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Underwater Photography Tips

Submitted by admin on 2009-10-23 | Last Modified on 2010-08-26

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First thing is first, the equipment- When you plan to take photographs underwater you need to make sure you have a camera which has a reliable housing. Too many times do people rush into the purchase of underwater photography equipment and then end up regretting it. Research the options you have and try find user reviews, as with most purchases now days this will help you make an educated decision and not be the unlucky one to have their $700 camera ruined when a less than standard housing compartment doesn't behave.

Should you be lucky enough to be shooting with a housed DSLR camera you are likely to be in search for high quality underwater photographs which will shine above the rest, in which case the next thing you have to think of is your glass- meaning your lens. What kind of photographs are you going to be primarily taking? Are you heading down for macro shots, close up images of sharks or are you looking for a nice wide view of a reefscape?

When it comes to lenses most of you are probably well aware of what lens does what, but for those who don't here is a basic guide on what lens you will use depending on the situation.

STANDARD: Standard lenses are the lens you are most likely to get free with the camera, on most DSLR cameras now days a standard lens will generally be an 18-55mm focal length lens. These stock lenses are designed to allow for 'the best of both worlds', when set to 18mm the lens will allow a wide angle view and 55mm will allow for slight zoom. But it is important to note that you can get a lot wider than 18mm and zoom a lot further than 55mm on specialized lenses, as can be read below.

MACRO: Macro lenses are perfect for those ultra close up shots of small marine life such as nudibranchs, gobbies and then of course those abstract looking coral shots you see, they also work great for anemone and of course other small fish. The typical mm macro lens range for underwater shots is between 90-105mm giving the most comfortable focal length.

ZOOM: These lenses are not used very much in underwater photography due to the lack of visibility, in most cases you will run out of visibility before you run out of focal length. In normal above water photography it is not uncommon to see 300mm lenses used for wild life shots, and can even extend as far as 500mm. In underwater photography it is recommended you don't go above 120mm, as this will suit you just fine.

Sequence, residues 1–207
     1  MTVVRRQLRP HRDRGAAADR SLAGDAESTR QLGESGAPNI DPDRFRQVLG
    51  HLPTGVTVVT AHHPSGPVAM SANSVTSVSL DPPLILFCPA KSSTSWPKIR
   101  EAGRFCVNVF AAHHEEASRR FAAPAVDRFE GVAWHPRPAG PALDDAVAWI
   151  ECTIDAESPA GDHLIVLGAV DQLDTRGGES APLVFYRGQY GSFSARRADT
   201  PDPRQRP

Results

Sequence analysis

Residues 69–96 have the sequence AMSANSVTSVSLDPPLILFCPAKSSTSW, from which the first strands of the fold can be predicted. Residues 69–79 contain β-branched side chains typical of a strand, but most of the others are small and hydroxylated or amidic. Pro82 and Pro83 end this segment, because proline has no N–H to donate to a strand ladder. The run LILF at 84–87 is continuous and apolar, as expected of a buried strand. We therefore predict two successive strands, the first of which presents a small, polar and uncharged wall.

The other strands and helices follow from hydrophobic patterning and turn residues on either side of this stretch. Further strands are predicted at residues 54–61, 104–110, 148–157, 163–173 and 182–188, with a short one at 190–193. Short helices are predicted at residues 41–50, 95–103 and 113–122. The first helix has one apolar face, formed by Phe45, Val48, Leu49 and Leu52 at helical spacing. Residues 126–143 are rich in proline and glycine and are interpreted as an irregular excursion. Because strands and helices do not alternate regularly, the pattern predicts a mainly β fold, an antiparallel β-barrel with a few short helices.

ULTRA-WIDE & FISHEYE: My favourite lenses, the ultra wide angle lens offers a large pan view of an area, it is best for landscape or in this case reef scape photographs or for large schools of fish.

One is able to create dramatic photographs using wide angle lenses, especially in the vast blues of the underwater world. I'd recommend using a wide angle lens if you are diving a high visibility coral rich reef. Now to get to the focal lengths of wide angle lenses, 10-20 is the most common focal length for an ultra wide angle lens, though you will come across lenses with ranges of between 12-24mm and 12-20mm, near the ends of these focal lengths (18mm-20mm) you will be entering the same kind of focal length that a standard lens offers. The downside to ultra wide lenses is the price, which can often cost more than the camera itself.

Fisheye lenses are ultra wide angle lenses on steroids, there was even a fish eye lens with a 4.5mm focal length developed by Sigma, offering a 180 degree field of view. Generally fisheye lenses range between 7mm and 17mm. These fixed focal length lenses cannot zoom in and out and instead are designed for the sole purpose of that extreme wide angle view. Again it is important to decide on what fisheye lens will suit you best. You also get circular fisheye lenses which create an image which resembles the reflection on a steel ball. Only a circular image is visible, personally I am not a fan of circular fisheyes and prefer the normal fisheye lens with a focal length of about 10mm. As with the ultra wide angle lenses, you can expect fisheye lenses to dent your wallet a bit- though completely worth it.

Photo by Dany Weinberg

A photo displaying great lighting, with the natural light in the background creating a silhouette while the foreground is well lit with dramatic shadows.


Lighting is always important in underwater photography, whether you are shooting with a disposable underwater camera or a high level DSLR. For those of you who are taking photographs with a point and shoot or disposable camera there aren't many options, and a flash is generally needed when in deeper waters. Though when in shallower waters with sufficient light you could be able to get away with taking photos without the use of a flash and may in many cases actually result in a better result.

For the more advanced underwater photographers as I'm sure you know, finding the balance between strobes and the natural lighting. You want to find a balance where you still benefit from the lighting of the strobes without relying on it for the primary source of light, infact the strobes should be used to rather enhance the lighting rather than replace it. Natural lighting is always better than artificial lighting, and with lots of practice you will get to know exactly what each situation calls for. This is an area that varies so much from each photographic subject that clear rules other than what has been stated above can't really be given, it's all about practice.